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Journal of Cardiac Failure Vol. 16 No.

6 2010

Section 13: Evaluation and Therapy for Heart Failure in the Setting of Ischemic Heart Disease Overview In the United States (US) it is estimated that 16,800,000 people have a history of coronary heart disease, including myocardial infarction (MI), angina pectoris, or both.1 The most common cause of chronic heart failure (HF) is no longer hypertension or valvular heart disease; it is coronary artery disease (CAD).2 The changing pattern in the risk factors for HF is evidenced in the Framingham Heart Study, which documents a decrease in valvular disease and left ventricular (LV) hypertrophy and an increase in MI from 1950 to 1998.3 As survival from MI continues to improve, it is expected that the number of patients with CAD and HF will also increase. In 25 multicenter HF treatment trials reported in the New England Journal of Medicine over the past 20 years, involving more than 45,000 patients, CAD was present in nearly 65%.4e29 This gure probably underestimates the true prevalence of CAD among unselected HF patients, because the presence of CAD was not explored systematically in many trials. Prognostic Signicance of Underlying CAD Etiology in Patients with HF Several studies have shown that CAD is associated with an increase in mortality rates in patients with HF.30e36 One study assessing angiographic data in patients with HF demonstrated that the extent of CAD in patients with HF and reduced left ventricular ejection fraction (LVEF) provides important prognostic information.37 Data also suggest that the mechanism of sudden death may differ between ischemic and nonischemic HF patients, with acute coronary events representing the major cause of sudden death in HF patients with CAD.38 In the Organized Program to Initiate Lifesaving Treatment in Hospitalized Patients with Heart Failure (OPTIMIZE-HF) registry, CAD was associated with higher in-hospital and post-discharge mortality compared to patients without CAD.33 In the Candesartan in Heart Failure Assessment of Reduction in Mortality and Morbidity (CHARM) trial, patients who experienced an acute coronary syndrome (ACS) during follow-up had a signicantly increased risk of death as compared to those who did not experience an ACS.39 These ndings further emphasize the importance of accurate differentiation between ischemic and nonischemic causes of HF. Managing HF in patients with CAD or a history of CAD may be signicantly different than managing HF due to primary cardiomyopathy. Antiplatelet agents, smoking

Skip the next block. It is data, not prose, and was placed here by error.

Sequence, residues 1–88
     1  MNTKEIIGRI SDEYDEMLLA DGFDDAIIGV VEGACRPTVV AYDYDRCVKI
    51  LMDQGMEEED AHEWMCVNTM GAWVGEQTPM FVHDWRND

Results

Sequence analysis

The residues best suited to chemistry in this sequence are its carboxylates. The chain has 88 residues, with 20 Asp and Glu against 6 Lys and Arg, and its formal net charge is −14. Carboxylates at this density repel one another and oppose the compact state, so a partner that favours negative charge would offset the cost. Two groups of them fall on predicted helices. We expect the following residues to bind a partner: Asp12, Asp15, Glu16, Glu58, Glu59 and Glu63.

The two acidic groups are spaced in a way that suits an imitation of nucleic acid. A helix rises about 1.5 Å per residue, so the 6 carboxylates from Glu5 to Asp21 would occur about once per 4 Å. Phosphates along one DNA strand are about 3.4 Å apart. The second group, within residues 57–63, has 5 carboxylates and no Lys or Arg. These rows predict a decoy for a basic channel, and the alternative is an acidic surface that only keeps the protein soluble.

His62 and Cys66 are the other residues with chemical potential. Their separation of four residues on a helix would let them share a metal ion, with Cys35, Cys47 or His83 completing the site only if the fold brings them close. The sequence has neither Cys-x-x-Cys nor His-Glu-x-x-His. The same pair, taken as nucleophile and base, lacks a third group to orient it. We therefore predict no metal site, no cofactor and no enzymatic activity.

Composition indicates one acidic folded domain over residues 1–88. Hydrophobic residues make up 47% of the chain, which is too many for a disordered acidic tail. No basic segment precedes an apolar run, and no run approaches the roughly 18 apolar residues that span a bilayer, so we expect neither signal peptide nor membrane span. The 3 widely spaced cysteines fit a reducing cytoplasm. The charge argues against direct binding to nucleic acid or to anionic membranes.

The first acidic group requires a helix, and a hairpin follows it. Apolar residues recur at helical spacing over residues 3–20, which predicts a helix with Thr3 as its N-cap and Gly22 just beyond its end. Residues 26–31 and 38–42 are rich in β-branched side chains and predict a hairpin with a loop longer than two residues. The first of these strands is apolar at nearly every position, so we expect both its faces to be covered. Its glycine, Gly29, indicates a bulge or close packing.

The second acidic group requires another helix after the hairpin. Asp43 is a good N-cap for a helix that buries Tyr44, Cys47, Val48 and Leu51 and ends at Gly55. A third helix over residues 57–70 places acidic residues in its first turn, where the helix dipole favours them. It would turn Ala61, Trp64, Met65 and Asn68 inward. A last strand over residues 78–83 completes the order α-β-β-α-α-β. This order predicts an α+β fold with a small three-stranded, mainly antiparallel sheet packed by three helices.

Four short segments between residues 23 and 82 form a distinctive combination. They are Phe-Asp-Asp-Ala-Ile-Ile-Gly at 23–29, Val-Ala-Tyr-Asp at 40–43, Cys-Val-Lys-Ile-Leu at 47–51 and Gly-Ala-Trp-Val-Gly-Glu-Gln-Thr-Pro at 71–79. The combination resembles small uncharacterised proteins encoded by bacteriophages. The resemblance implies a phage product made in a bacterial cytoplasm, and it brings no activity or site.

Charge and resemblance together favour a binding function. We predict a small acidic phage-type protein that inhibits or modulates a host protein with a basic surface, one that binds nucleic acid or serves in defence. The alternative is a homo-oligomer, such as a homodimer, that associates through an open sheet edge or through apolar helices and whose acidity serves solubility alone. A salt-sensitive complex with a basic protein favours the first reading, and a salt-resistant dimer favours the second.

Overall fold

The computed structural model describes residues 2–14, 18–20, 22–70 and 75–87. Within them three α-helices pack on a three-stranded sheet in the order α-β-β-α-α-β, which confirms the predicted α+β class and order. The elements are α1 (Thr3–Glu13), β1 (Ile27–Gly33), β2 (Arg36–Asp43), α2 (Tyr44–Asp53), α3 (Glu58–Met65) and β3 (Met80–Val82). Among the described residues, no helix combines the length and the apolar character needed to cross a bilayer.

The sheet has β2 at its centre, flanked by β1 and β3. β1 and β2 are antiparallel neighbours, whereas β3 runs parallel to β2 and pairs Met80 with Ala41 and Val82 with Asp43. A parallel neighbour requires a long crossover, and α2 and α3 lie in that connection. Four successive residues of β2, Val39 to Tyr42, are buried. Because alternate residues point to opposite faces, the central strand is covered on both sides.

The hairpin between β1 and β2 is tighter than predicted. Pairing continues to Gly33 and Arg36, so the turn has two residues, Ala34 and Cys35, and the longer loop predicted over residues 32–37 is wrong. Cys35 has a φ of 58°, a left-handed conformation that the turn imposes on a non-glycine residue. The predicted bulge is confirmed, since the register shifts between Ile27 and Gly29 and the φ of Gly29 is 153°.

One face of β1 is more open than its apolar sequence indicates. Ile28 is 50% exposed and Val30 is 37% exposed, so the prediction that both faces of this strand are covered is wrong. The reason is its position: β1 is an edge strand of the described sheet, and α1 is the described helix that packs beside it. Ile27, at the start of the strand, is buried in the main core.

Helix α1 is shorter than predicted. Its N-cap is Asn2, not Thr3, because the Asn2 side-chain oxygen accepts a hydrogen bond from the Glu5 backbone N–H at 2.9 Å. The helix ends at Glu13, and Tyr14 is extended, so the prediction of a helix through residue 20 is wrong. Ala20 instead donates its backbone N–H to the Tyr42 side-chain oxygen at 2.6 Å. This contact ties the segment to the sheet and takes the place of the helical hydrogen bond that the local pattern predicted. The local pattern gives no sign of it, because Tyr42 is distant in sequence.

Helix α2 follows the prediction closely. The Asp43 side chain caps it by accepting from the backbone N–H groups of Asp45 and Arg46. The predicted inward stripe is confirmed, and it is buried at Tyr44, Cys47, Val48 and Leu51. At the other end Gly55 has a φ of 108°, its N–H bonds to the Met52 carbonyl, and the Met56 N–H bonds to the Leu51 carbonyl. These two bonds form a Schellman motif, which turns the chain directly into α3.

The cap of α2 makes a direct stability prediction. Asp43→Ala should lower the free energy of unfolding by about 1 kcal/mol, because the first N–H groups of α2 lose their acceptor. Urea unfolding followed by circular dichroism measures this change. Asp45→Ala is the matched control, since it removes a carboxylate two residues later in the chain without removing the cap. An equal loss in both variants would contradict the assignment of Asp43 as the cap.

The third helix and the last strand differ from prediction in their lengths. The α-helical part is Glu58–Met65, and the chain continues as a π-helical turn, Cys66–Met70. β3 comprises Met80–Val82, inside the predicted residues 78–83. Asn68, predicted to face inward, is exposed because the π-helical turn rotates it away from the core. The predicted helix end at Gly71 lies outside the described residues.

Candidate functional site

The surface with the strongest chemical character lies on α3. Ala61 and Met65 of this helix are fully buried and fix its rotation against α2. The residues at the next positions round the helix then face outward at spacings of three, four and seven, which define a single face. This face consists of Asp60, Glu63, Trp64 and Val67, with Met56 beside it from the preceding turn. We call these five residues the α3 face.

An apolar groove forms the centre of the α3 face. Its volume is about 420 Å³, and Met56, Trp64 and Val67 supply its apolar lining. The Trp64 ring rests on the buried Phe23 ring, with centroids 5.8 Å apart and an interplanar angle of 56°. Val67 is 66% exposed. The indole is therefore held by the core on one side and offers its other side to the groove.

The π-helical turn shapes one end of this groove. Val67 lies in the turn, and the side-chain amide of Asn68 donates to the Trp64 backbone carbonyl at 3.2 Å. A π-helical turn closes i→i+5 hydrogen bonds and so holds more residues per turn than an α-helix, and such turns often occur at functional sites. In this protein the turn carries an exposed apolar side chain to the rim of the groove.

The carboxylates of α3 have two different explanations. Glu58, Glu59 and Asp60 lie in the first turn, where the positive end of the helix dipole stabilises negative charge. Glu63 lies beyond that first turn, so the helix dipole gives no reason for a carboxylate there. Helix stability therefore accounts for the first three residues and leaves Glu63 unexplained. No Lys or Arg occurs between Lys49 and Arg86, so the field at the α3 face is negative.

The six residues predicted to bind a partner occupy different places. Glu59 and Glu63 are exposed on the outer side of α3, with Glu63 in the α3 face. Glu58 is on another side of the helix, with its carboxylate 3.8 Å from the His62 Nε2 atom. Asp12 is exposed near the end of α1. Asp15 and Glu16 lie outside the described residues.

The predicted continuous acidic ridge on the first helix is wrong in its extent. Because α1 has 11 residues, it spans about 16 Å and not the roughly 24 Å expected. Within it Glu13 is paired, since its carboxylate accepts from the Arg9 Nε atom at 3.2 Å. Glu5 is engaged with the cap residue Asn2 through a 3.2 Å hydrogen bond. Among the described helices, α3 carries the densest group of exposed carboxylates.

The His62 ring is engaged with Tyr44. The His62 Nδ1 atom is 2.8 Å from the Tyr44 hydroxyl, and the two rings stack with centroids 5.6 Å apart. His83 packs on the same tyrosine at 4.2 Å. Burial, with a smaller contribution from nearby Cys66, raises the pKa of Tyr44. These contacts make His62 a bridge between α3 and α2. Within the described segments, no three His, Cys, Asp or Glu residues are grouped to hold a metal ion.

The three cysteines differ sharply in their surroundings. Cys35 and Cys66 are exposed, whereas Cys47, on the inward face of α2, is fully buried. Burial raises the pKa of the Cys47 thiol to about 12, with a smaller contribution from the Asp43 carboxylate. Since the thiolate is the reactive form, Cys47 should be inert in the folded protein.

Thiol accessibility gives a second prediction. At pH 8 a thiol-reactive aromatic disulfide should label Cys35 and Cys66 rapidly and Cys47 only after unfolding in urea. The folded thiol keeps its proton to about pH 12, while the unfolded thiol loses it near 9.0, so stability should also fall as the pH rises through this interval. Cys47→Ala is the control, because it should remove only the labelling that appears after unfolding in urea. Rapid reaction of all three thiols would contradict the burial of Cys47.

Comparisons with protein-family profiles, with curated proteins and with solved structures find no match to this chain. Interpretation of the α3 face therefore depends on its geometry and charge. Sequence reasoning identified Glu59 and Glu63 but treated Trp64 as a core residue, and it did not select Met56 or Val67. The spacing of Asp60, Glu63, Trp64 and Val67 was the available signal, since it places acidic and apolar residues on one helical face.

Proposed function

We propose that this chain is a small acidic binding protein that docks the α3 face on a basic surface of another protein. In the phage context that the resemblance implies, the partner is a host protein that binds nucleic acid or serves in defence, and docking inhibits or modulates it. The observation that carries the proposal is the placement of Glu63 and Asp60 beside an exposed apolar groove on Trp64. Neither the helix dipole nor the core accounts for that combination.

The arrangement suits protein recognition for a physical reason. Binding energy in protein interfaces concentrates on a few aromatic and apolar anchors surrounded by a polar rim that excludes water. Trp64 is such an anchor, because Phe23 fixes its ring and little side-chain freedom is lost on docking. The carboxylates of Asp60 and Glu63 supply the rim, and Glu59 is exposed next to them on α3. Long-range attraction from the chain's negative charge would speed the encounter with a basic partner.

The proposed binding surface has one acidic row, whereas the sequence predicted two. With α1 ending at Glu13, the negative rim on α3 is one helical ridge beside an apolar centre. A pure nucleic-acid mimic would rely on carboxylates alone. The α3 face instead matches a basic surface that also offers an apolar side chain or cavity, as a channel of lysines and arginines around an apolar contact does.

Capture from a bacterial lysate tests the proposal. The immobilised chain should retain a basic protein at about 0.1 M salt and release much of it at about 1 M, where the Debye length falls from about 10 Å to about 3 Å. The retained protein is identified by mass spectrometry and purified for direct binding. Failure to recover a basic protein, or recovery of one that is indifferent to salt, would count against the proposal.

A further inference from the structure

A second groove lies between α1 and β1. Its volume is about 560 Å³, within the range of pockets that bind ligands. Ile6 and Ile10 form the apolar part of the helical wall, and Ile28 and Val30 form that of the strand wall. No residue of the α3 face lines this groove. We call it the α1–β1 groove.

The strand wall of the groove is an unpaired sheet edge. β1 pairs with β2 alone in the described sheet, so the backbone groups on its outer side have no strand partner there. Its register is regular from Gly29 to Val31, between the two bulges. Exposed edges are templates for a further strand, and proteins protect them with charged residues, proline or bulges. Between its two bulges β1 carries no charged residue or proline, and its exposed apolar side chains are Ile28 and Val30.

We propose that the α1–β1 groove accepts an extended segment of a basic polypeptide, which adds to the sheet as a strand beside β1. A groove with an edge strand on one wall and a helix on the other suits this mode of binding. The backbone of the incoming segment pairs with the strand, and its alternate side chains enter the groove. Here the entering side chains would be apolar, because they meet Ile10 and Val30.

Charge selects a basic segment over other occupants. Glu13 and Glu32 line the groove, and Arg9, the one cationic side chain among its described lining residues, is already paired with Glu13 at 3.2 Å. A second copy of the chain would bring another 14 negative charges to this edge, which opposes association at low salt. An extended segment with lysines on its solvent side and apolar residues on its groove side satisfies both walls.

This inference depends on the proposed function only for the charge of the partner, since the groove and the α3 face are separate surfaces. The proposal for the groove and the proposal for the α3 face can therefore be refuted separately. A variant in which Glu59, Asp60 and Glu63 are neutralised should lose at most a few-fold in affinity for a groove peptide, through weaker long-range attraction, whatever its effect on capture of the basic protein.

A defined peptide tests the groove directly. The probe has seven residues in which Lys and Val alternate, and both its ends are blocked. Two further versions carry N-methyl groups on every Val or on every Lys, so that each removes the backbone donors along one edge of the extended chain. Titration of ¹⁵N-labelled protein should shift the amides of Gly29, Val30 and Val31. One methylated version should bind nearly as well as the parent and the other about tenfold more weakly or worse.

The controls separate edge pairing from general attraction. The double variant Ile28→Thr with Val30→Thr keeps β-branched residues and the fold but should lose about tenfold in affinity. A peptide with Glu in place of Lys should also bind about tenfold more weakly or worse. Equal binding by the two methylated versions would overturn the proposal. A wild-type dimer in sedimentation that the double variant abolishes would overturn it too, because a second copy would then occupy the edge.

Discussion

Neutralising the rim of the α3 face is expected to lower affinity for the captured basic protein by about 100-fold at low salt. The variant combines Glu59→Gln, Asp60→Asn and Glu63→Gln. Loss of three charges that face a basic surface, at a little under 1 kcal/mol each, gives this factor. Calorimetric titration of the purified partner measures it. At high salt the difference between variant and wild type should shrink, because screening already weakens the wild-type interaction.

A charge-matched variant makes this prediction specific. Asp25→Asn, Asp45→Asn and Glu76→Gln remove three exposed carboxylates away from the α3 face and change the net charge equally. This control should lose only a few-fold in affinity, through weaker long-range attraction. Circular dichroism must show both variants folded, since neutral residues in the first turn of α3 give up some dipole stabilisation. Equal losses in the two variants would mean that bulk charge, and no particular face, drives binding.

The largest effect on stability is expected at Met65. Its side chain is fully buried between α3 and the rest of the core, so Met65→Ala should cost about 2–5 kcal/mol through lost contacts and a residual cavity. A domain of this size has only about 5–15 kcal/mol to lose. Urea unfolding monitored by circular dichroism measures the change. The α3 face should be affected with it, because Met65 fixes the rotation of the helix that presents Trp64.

cessation, and lipid-lowering therapy are particularly important interventions in patients with HF due to CAD.40 Trials of milrinone,41 amiodarone,18 amlodipine,15 and digoxin suggest that patients with HF in the setting of CAD may have a less favorable outcome than patients with HF from primary cardiomyopathy. Revascularization in highly selected patients with reduced LVEF and signicant CAD, particularly those with anginal symptoms, may be associated with improved survival and may be considered in addition to risk modication.33,42e49 No prospective randomized trials of coronary artery bypass surgery have been completed in patients with clinical HF, although the ongoing Surgical Treatment for Ischemic Heart Failure (STICH) and the Heart Failure Revascularization Trial (HEART) studies should clarify the role of revascularization in this population.50,51 Pathophysiology of HF in the Setting of CAD. HF in the setting of CAD is a heterogeneous condition with several factors contributing to LV systolic dysfunction and HF symptoms. After an MI, there is loss of functioning myocytes, development of myocardial brosis, and subsequent LV remodeling, resulting in chamber dilatation and neurohormonal activation-all leading to progressive dysfunction of the remaining viable myocardium.49 This well-recognized process may be ameliorated after an acute MI by myocardial revascularization47,49,52e55 and by medical therapy with angiotensin-converting enzyme (ACE) inhibitors, angiotensin receptor antagonists (ARBs),56,57 beta blockers,58 and aldosterone antagonists.59 The majority of patients surviving a MI have signicant atherosclerotic disease in coronary arteries other than the infarct-related vessel.60 Under basal conditions, episodes of reversible myocardial ischemia caused by a severe coronary artery stenosis superimposed on the left ventricle with depressed LVEF may produce transient worsening of LV function. In many patients, HF symptoms, such as dyspnea or fatigue induced by exercise, may represent an anginal equivalent. Episodes of transient myocardial ischemia may cause prolonged systolic dysfunction that persists after the ischemic insult itself has resolved. This process, called stunning, is similar to the more severe and protracted myocardial stunning that results from coronary occlusion and reperfusion.61 Another important mechanism for systolic dysfunction with additive effects on LV performance is myocardial hibernation,62 a process in which myocardial contraction is reduced in response to chronic reduction in myocardial blood supply.63,64 More than 50% of patients with HF and CAD have evidence of viable but dysfunctional (hibernating) myocardium.65,66 Hibernation may develop as an adaptive response to sustained reduction of myocardial blood ow. Thus, the level of tissue perfusion is sufcient to maintain cellular viability but insufcient for normal contractile function.67 Recent evidence supports the longheld concept that hibernation represents a precarious balance between perfusion and tissue viability that cannot be e157